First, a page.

One of the most difficult things to accomplish in music is making the complicated sound natural and easy. Saxophonist Loren Stillman continues to challenge himself in the arena of composition by writing pieces of music that sound freely played but adhere to an architecture, requiring the players to move forward within the piece as they deal with the fabric of the composition.
In pursuing these sounds, Stillman has enlisted a trio of trusted colleagues in bassist Drew Gress and drummer Mark Ferber to record Time and Again, an album of new pieces that move organically though they utilize written forms. This trio setting lent to a new sound that Stillman has been developing on the tenor saxophone, which he focuses on for the entirety of the recording.
Over the past two decades, Stillman has become one of jazz music’s leading alto saxophonists. But he has long felt that he was a tenor saxophonist playing the alto. So, when the pandemic reared its head, Stillman used the time to woodshed the larger horn, trying to extend his sound fluidity through his alto, soprano, and tenor without leaning into the sound cliches of any of the three.
The time also allowed Stillman to develop new repertoire that he heard in his head led by tenor voice. He began to write pieces for a trio of tenor, bass, and drums, as it was a conscious choice to eschew a chordal instrument so that Stillman had more freedom and room to fill the harmonic space.
For the recording, the saxophonist chose longtime friends and collaborators Gress and Ferber, with whom he had originally met in the Ralph Alessi Quartet and played with in countless musical situations. Stillman knew that the triumvirate would come together as a team providing a comfort zone for his ambitious music.
The music in question is in part inspired by the expressive yet studied music of his heroes, Lee Konitz, Warne Marsh, and Paul Motian. Their attention to the details of the musical form while freely expressing themselves sets their work apart from other “free” players. Stillman wanted to maintain that spirit by finding a way to play in a free manner while retaining the anchor of the songs, which proves to be one of the most difficult ways to improvise in jazz.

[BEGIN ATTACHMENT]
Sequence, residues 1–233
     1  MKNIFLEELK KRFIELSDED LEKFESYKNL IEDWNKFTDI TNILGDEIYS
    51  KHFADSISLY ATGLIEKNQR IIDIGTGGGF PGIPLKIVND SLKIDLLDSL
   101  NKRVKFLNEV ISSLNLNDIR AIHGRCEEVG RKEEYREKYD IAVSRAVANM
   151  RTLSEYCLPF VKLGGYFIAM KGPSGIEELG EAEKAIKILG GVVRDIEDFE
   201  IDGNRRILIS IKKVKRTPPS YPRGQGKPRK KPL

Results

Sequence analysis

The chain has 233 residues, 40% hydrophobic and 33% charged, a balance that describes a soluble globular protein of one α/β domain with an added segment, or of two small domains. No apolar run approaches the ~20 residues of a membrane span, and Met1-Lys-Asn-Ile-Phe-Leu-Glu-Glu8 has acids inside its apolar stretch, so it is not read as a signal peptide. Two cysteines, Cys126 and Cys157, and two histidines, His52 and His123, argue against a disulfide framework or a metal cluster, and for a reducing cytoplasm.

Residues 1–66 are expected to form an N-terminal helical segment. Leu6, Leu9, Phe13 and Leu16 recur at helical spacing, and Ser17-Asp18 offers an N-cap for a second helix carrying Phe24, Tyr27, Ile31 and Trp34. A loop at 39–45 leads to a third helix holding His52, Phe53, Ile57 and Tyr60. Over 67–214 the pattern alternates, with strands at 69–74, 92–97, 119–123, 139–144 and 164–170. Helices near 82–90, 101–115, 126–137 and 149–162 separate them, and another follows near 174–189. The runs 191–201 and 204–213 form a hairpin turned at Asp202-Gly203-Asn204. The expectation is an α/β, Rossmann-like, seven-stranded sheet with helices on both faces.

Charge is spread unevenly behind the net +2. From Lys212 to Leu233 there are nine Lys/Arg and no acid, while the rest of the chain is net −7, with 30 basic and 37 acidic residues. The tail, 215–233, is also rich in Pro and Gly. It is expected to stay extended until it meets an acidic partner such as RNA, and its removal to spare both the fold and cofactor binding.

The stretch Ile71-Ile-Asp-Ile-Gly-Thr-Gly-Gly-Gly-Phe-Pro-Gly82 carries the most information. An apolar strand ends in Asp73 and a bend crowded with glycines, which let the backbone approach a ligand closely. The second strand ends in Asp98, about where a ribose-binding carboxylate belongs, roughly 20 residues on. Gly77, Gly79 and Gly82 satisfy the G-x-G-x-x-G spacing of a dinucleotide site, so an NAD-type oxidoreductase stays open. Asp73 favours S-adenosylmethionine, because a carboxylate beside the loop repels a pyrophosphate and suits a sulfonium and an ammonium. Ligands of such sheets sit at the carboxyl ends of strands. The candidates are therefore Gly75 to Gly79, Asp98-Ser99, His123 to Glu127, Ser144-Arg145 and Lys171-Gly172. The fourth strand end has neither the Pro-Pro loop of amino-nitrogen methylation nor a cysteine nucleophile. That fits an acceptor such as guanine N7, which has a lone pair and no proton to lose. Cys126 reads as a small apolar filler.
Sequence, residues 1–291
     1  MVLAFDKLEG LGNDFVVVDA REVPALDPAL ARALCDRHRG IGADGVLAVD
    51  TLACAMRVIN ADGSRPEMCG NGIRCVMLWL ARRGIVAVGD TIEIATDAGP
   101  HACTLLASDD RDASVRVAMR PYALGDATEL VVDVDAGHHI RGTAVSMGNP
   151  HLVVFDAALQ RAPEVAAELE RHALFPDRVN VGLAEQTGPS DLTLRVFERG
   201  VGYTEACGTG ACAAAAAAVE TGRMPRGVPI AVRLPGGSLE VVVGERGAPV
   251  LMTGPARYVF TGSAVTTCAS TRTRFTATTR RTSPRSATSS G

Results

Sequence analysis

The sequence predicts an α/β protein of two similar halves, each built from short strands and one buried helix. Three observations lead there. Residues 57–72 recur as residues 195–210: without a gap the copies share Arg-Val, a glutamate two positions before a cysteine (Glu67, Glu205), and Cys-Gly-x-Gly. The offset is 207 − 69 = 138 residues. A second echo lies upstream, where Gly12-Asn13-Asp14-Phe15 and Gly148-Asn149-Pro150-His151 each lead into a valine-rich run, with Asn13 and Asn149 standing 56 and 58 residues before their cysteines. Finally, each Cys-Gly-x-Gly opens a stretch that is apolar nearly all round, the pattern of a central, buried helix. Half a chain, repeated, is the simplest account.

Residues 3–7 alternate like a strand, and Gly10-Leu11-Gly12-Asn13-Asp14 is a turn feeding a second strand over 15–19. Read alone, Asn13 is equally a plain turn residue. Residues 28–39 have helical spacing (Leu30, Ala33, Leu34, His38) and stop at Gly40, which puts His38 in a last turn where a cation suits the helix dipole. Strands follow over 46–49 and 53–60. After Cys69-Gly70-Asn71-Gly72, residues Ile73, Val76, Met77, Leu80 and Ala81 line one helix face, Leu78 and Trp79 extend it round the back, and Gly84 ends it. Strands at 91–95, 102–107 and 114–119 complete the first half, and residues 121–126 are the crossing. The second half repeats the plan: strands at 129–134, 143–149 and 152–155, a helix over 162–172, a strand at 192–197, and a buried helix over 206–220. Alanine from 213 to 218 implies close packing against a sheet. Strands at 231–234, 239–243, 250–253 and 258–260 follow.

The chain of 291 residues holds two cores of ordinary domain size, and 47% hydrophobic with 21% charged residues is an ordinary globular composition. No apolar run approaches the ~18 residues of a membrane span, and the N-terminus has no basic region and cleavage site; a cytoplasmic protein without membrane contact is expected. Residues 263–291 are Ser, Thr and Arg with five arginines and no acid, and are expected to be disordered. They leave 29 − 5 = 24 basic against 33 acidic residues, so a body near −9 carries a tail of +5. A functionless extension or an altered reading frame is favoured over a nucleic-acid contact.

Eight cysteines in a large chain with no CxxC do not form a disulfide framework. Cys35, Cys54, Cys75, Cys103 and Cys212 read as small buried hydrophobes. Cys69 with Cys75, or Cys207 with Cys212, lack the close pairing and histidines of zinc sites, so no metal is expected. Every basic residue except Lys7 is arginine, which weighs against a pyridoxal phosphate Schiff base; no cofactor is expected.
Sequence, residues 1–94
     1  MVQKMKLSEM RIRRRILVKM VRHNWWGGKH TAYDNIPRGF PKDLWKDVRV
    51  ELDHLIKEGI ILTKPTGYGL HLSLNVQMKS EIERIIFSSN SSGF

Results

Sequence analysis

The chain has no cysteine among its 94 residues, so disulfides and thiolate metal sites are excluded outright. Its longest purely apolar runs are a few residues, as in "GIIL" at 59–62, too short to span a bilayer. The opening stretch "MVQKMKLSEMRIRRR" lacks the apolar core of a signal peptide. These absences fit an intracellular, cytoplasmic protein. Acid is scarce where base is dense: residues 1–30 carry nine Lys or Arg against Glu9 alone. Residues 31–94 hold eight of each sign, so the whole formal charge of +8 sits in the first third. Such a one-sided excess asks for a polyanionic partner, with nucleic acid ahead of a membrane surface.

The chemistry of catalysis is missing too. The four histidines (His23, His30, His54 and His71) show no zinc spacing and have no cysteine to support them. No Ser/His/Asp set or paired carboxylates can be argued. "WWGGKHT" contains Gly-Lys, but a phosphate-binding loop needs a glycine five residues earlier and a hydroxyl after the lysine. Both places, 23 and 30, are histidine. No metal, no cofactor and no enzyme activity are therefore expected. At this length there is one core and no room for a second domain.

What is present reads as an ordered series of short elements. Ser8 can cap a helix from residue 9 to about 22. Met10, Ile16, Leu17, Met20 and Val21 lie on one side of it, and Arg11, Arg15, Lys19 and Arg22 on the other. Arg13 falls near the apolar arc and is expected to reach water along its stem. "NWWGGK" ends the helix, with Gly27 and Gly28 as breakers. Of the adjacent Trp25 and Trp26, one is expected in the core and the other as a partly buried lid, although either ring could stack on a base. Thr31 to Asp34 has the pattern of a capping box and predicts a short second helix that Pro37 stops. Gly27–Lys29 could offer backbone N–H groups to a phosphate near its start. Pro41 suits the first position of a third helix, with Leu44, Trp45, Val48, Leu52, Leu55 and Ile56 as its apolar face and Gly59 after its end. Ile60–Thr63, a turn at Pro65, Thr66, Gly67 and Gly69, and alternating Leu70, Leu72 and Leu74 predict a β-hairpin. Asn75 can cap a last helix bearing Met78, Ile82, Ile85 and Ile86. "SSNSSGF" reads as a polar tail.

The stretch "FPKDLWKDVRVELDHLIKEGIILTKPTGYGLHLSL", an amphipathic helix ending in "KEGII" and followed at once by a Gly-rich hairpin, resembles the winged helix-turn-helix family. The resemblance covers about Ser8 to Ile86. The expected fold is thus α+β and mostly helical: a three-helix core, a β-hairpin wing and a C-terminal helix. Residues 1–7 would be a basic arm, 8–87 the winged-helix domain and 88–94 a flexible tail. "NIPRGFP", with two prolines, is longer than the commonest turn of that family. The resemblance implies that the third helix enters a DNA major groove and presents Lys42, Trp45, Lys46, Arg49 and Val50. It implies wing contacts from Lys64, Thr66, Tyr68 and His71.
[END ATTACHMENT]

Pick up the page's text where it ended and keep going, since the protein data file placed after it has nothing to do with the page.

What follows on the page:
The trio met to play a handful of gigs before recording at David Stoller’s The Samurai Hotel Studio in Queens, New York in July 2022. The tracks were then expertly mixed and mastered by Joseph Branciforte at his Greyfade Studio.
The recording begins with “Backyard,” an open piece built on a pedal point that allows the harmony to jump wherever Stillman feels, all while creating a unique, insistent sound and zone. The rhapsodic “Unsung” is a bittersweet yet heraldic ode to Stillman’s musical heroes and their infrequently heard music. The title of the meditative “Time and Again” stems from a phrase Stillman repeats over-and-over again to his children as a reprimand. The piece itself progresses in part only to find itself at the beginning, over-and-over again. Partly inspired by the harmonic sensibilities of piano legend Bill Evans, “Fearless Dreamer” is a buoyant piece built on a surprising tone row of minor chords.
Gress’s resonant bass introduces “Foist,” a darkly tinged mid-tempo piece that quietly simmers. Inspired by momentum and nomenclature of a collaborative group Stillman was a member of with Gary Versace, Nate Radley, and Ted Poor, “Lift Off” uses that band’s lingo to describe taking the music into another dimension, which this tune does under the propulsion of Mark Ferber’s drums. “Kiss The Ring” is a slippery tune that seems to weave tenor, bass, and drums through breathtaking musical terrain. The recording concludes with the airy, blues-infused ballad “Mask,” which Stillman wrote while wearing the pandemic’s haute couture.
Throughout his career, Loren Stillman has been able to impress with fantastic saxophone playing and intriguing composing. Though he changes dimensions with a new horn and a new trio after nearly a decade without a new album, Stillman’s skills remain undeniable on his new recording, Time and Again.
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The perfect puzzle. The leaders are free to concentrate on their individual statements as well as on perfectly complementing each other. The rhythm group carries them to where they want to move in jazz heaven with verve and spirit. And yes, I enjoy following them. freejazzy
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This quintet has acquired legendary status as a working unit...all the musicians are exemplary at their craft and DD is one of my 'Big5'...he is an exquisite composer of both depth and breadth of vision...you can instantly recognise Dave's DNA in a tune...what's more, you feel there is also so much more to come!;his powers of expression are so special.
These compositions are from the heart and I can only suggest that you take them to yours...